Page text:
Unwrapping the potential power of catchy songs

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The only thing worse than getting a song stuck in your head is getting a terrible song stuck in your head. How these songs get stuck in there or why is a bit of a mystery. However, a new study has explored the music of the ages to discover which song is the most recognizable of them all. 

The study took over a year to complete and was conducted by the Museum of Science and Industry in Manchester. They surveyed 12,000 people on a wide variety of songs to discover what song was the easiest to recognize. They used a sample of 1,000 songs based on the top 40 selling songs in each decade all the way back to the 1940s.

From there they simply played a number of games with the survey respondents to determine the answer. The first game asked survey respondents to hum along with a song and to continue humming in time when the music stopped. The test measured how in time they were with the song once it stopped playing. The second test asked listeners to hear two parts of a song and decide which is catchier. The third game simply asked listeners to recognize a song as fast as they could. The fourth and final game asked them to recognize as many songs as they could in a row.

The most recognizable song was found to be the Spice Girls, Wannabe. This was followed by Lou Bega’s Mambo Number 5. While it took an average of five seconds to recognize a song it took only 2.29 seconds to recognize the Spice Girls hit. 

The researchers found it interesting that the release date of the song was not of particular relevance. It shows that some songs really are timeless classics and no matter in what era they were released, they will always stay with you. Despite someone not having heard a particular song for 10 years they could still recognize it in a few seconds.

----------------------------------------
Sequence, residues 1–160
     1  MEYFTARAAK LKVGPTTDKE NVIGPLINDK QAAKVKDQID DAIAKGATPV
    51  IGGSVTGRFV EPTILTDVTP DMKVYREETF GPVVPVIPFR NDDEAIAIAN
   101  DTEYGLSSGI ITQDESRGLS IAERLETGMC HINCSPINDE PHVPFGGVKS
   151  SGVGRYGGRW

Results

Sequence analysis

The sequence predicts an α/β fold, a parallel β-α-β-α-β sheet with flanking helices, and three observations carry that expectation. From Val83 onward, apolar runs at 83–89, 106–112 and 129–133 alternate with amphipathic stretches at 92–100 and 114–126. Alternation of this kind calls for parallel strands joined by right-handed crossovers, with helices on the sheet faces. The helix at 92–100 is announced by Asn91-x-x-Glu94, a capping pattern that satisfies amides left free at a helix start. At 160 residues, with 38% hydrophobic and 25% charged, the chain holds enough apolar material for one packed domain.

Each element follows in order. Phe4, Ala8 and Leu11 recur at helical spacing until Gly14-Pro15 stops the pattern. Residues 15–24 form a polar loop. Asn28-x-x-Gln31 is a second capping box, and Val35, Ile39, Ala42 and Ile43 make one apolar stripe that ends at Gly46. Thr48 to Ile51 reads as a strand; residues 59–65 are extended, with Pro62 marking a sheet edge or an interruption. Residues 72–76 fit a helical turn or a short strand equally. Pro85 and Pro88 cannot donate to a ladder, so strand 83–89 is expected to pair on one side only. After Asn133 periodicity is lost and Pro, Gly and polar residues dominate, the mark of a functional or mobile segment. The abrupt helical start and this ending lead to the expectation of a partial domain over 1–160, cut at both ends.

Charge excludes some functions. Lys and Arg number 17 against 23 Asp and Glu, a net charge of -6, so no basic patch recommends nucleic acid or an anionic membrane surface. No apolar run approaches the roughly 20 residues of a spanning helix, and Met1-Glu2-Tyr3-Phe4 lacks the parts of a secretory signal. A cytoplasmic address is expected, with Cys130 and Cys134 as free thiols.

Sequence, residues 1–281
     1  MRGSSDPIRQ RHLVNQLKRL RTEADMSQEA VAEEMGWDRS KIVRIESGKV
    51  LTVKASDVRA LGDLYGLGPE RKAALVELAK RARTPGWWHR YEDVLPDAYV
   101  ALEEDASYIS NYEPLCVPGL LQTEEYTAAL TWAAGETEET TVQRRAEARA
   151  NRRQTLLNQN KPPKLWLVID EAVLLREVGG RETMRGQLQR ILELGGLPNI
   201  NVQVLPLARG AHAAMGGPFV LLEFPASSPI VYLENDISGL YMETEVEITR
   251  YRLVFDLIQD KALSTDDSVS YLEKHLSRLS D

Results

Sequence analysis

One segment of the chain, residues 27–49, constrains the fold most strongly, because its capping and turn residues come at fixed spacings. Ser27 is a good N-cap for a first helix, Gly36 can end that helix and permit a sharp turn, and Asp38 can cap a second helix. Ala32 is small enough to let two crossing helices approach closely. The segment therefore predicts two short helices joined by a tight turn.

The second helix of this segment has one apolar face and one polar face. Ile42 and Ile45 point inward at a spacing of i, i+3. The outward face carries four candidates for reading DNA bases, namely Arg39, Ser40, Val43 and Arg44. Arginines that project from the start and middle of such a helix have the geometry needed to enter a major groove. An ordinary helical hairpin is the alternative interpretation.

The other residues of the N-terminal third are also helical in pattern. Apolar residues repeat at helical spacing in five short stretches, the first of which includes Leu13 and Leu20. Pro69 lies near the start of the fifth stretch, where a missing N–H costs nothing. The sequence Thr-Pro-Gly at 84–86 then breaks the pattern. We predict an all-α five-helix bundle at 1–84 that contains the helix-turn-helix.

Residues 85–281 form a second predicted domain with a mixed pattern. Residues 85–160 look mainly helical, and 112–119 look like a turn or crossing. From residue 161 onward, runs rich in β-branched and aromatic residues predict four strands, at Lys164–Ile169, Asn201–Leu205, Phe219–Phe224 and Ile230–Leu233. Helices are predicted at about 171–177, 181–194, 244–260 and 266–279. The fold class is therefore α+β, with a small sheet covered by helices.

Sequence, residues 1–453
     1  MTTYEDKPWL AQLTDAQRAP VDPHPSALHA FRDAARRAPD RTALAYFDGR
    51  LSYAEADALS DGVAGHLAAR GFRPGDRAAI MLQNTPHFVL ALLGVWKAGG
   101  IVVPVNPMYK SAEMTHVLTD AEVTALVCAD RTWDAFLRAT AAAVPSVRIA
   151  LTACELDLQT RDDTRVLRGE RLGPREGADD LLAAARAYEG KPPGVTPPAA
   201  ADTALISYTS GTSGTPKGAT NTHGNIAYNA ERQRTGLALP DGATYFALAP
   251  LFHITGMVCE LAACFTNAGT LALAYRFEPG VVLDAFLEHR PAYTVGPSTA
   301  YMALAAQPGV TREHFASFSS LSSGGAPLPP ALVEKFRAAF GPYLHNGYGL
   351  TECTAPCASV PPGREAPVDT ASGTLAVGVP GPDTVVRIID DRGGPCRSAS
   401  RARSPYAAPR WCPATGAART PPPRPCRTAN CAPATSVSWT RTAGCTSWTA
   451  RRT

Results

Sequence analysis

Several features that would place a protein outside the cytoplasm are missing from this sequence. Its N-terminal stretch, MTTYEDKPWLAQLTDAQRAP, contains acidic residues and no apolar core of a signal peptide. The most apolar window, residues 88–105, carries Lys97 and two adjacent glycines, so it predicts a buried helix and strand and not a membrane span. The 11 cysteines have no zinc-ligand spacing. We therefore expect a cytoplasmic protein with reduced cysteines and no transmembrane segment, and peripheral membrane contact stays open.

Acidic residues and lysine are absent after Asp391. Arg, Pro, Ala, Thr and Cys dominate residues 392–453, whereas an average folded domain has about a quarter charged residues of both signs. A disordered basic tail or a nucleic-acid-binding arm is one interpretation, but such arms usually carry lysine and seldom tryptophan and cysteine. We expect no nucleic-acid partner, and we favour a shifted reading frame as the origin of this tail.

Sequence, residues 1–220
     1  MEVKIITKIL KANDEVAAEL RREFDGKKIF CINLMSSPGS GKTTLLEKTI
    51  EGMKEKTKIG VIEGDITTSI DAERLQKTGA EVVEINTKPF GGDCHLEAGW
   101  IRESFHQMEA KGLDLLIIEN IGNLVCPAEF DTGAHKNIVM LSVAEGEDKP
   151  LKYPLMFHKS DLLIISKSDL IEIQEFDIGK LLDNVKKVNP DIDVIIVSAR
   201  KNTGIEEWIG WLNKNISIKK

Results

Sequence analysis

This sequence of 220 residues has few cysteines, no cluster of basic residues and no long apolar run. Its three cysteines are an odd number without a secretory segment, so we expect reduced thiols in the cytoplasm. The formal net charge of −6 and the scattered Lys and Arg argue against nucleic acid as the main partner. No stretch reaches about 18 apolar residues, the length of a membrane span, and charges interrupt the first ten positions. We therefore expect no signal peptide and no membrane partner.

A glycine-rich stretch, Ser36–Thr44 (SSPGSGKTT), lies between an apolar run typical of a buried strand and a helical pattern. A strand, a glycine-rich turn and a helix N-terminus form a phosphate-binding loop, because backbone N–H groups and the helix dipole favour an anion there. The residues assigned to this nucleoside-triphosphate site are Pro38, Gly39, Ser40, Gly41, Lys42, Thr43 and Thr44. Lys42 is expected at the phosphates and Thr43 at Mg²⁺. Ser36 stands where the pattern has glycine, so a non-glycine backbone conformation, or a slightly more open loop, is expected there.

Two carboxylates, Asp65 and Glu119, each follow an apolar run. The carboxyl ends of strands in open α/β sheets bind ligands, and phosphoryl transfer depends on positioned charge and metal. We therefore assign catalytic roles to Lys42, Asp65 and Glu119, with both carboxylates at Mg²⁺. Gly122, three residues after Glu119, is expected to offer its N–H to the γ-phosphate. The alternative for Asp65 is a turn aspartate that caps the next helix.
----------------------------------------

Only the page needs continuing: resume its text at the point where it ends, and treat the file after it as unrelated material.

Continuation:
The next step of the study is to dive into this phenomenon in more detail. The lead researcher says that the team wants to understand what exactly makes a song catchy. Dr. Ashley Burgoyne designed the study and believes that strong melodic hooks play the key role but this is just a hypothesis. There could be a special key that people associate with better or a particular timing that resonates well. 

While this research sounds like a lot of fun, there are real benefits to it too. Dr. Burgoyne hopes that the findings will allow further research into dementia and possible solutions. The relationship between music and memory is a strong one and it could hold the key to unwrapping dementia. There is research already in existence that shows if you can find a track that has serious significance to a person with dementia it can be very therapeutic. However, as the person has dementia it can be difficult to find out what songs are special to them. If there are common things that make a song catchy there may be universal songs to help patients with memory issues.

The study is only in its first stage but it is already showing positive results that may be able to help with serious illnesses in the future. While the Spice Girls – Wannabe has likely done a lot of damage in its time it may now be able to do some good. This song and others may hold the key to helping patients with dementia. As the Spice Girls once said, “ I wanna really, really, really wanna zigazig ah”. Wise, wise words.